Discretionary Freedom Passes

Consultation into Discretionary Freedom Passes

London Borough of Harrow's consultation on Discretionary Freedom Passes ran for 11 weeks from 15 June 2023 to 3 September (extended from 20 August) 2023.

The Council wanted to formally consult on proposed changes to the Discretionary Freedom Pass scheme in Harrow. Discretionary Freedom Passes are for people experiencing mental health issues. Harrow is the only London local authority offering a scheme specifically for residents suffering mental health issues. Some London Boroughs do not offer discretionary freedom passes at all.

The proposal was to stop issuing passes for new applicants. Existing Pass holders would continue to benefit from their concessions as long as they continued to meet the eligibility criteria.

The outcome:

The Executive Member of Finance has now considered the results of the consultation and has decided NOT to make the changes proposed. The Discretionary Freedom Pass, for people experiencing mental health issues, will still be available to new applicants as well as existing recipients.

The decision was officially reported to London Borough of Harrow’s Cabinet on Tuesday 19 December 2023.

We thank you for your comments during the consultation.

Why was the saving proposed?

London Borough of Harrow spends a significant amount of money on Concessionary Travel. Due to the pressures on Adult Social Care and the need to reduce costs the Council must find savings. In these challenging times it is important that the Council continues to provide safe, efficient, high quality core services that meet the needs of the most vulnerable. However core services in Adult Services are in high demand and are a high spending area of the Council. As a consequence, Harrow wanted to review the provision of the Discretionary Freedom Pass service.

How much would have been saved?

The estimated saving was £18,000 over three years, with the first £6,000 expected in 2024/25. Continuing with the closure to new applicants would, over time, have saved larger sums as existing users drop out at renewals, or due to moving out of borough etc.

How was the consultation advertised?

Stakeholders were emailed directly, as well as existing users of the service . Additionally the consultation went online in June 2023 and ran originally for six weeks. All those originally emailed were directed to the online consultation. The consultation period was extended due to concern that it had not reached enough users for a further five weeks into September 2023.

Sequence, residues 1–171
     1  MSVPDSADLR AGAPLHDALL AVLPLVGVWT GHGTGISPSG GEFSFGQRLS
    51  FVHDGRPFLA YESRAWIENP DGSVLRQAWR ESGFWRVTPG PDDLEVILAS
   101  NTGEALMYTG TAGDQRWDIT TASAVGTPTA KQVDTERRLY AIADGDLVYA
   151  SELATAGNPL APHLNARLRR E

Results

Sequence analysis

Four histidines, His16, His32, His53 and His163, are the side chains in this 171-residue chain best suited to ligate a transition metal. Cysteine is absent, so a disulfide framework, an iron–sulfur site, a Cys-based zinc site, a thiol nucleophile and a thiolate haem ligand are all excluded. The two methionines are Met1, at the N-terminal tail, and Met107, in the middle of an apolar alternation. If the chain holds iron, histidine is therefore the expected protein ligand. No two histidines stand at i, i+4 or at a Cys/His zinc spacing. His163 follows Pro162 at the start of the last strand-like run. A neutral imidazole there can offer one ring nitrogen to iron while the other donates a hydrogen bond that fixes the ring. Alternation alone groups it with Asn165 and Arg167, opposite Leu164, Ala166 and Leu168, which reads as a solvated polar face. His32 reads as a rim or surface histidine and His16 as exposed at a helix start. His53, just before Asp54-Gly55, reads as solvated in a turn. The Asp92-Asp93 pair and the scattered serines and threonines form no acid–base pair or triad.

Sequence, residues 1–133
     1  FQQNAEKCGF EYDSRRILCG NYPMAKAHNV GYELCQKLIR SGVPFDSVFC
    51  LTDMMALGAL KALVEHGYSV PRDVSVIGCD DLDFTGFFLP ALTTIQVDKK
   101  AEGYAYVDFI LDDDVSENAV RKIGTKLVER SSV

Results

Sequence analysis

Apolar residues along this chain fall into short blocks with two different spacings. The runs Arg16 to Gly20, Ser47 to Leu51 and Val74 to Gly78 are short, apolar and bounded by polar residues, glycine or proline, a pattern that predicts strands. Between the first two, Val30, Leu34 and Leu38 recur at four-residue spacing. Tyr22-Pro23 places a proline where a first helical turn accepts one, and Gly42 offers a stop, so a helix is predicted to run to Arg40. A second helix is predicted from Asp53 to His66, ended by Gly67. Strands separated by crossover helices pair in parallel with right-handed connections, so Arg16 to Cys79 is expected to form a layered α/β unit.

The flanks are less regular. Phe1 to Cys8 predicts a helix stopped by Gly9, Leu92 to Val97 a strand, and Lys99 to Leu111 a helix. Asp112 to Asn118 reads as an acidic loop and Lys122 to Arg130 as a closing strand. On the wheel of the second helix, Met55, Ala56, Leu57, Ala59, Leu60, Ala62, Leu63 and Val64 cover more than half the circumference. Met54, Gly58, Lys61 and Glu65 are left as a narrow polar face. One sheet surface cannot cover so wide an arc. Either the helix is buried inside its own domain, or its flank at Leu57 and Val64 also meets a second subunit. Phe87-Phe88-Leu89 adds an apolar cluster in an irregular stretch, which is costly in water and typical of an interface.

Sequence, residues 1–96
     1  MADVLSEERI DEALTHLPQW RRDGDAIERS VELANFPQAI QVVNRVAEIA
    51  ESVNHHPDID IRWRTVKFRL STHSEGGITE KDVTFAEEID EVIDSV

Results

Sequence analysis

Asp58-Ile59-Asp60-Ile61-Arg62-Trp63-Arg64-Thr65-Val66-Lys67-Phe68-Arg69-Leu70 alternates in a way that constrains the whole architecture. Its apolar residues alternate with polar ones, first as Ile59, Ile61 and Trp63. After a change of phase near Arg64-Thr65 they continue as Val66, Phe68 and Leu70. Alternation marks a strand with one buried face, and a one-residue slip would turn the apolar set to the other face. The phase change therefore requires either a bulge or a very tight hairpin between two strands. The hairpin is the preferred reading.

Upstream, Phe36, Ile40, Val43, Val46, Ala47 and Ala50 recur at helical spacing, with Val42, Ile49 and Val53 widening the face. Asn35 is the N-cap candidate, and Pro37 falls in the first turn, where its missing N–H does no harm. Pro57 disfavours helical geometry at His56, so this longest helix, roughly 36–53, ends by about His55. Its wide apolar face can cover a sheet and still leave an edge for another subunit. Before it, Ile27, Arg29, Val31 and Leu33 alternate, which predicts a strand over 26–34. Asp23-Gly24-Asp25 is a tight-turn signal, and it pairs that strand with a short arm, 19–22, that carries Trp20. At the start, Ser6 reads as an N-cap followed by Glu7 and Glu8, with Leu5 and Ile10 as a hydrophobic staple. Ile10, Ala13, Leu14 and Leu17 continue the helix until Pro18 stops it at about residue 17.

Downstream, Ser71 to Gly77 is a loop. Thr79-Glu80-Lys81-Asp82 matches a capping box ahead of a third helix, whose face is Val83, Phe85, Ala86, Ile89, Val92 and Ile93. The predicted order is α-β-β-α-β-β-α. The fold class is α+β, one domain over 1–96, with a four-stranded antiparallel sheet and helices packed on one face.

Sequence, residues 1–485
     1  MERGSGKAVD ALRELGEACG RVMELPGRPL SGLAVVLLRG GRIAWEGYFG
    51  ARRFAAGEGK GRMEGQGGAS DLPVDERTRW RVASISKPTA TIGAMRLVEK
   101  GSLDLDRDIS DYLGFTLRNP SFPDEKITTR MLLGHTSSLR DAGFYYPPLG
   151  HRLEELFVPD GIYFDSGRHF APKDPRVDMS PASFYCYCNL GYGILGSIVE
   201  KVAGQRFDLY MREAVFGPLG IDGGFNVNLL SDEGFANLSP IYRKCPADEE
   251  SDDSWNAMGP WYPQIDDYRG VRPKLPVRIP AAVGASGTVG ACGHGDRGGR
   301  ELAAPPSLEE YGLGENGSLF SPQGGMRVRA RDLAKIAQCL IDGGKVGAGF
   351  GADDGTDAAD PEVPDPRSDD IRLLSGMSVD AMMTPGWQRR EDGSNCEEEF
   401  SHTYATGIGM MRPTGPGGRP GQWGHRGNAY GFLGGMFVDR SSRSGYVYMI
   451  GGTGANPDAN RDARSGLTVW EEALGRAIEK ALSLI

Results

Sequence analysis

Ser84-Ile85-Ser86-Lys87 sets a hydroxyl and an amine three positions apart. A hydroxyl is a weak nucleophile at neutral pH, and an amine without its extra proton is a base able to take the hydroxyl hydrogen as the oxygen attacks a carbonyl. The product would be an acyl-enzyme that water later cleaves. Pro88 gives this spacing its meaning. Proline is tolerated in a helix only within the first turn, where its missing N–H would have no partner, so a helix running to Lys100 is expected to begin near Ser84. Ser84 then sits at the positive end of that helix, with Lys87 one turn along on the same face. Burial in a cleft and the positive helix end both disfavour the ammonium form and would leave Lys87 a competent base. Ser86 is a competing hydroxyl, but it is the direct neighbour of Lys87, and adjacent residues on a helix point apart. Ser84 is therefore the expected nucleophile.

Some 423 individuals visited the consultation pages on MyHarrowTalk, more than half of them looked at the information contained on the pages. Some 50 responses were received online.

98% of the responders were not in favour of stopping discretionary freedom passes for new applicants.

Two-thirds of responders (62%) did not have a Discretionary Freedom Pass. One in five (20%) did, and one in six (16%) were responding on behalf of someone who did.

While most respondents (88%) were individuals, responses were received from:

  • Citizens Advice Harrow.
  • Harrow Association of Somali Voluntary Organisations.
  • Voluntary Action Harrow.

All the above were against the changes proposed.

Top 5 reasons given for continuing Discretionary Freedom Passes:

  1. Supporting Disabled People: The pass is a useful way of supporting disabled people, including those with mental health conditions, to participate in the community, ensuring they can access essential services and maintain social connections.
  2. Mental Health Access: Providing free access to public transport for people with mental health conditions is essential as it helps them attend appointments, engage in social activities, and reduces social isolation.
  3. Early Intervention: The pass allows for early access to mental health resources and support, leading to better mental and physical health outcomes, long-term cost savings for healthcare systems, and reduced emergency waiting times.
  4. Economic Impact: The cost of providing a Freedom Pass is minimal compared to the potential long-term costs of intensive health and social care for individuals with mental health conditions. It aligns with Harrow Council's values of protecting the most vulnerable and supporting families.
  5. Equality for Disabilities: Treating mental health as a disability and providing the same benefits as for physical disabilities ensures fairness and supports individuals with various health conditions.

Top 5 most cited comments regarding the proposal to phase out the Discretionary Freedom Pass completely in five years:

  1. Opposition to Phasing Out: Many respondents expressed strong opposition to phasing out the Discretionary Freedom Pass completely. They argued that individuals who have mental health conditions or disabilities often require the pass for the long term, and it is not reasonable to assume that their conditions will improve within five years. They emphasised the importance of ongoing support for these individuals.
  2. Concerns About Bureaucracy: Some individuals who agreed with annual reviews had reservations about the bureaucratic nature of the process. They felt that frequent assessments might be stressful for individuals with mental health conditions and suggested that the reviews should be simplified and conducted by trained professionals.
  3. Criteria Already Strict: Several respondents mentioned that the criteria for obtaining the pass are already strict, and individuals typically have to meet specific eligibility criteria, such as receiving the mobility component of PIP (Personal Independence Payment) for a certain duration. They argued that this existing criteria should be used as a guide instead of annual reviews.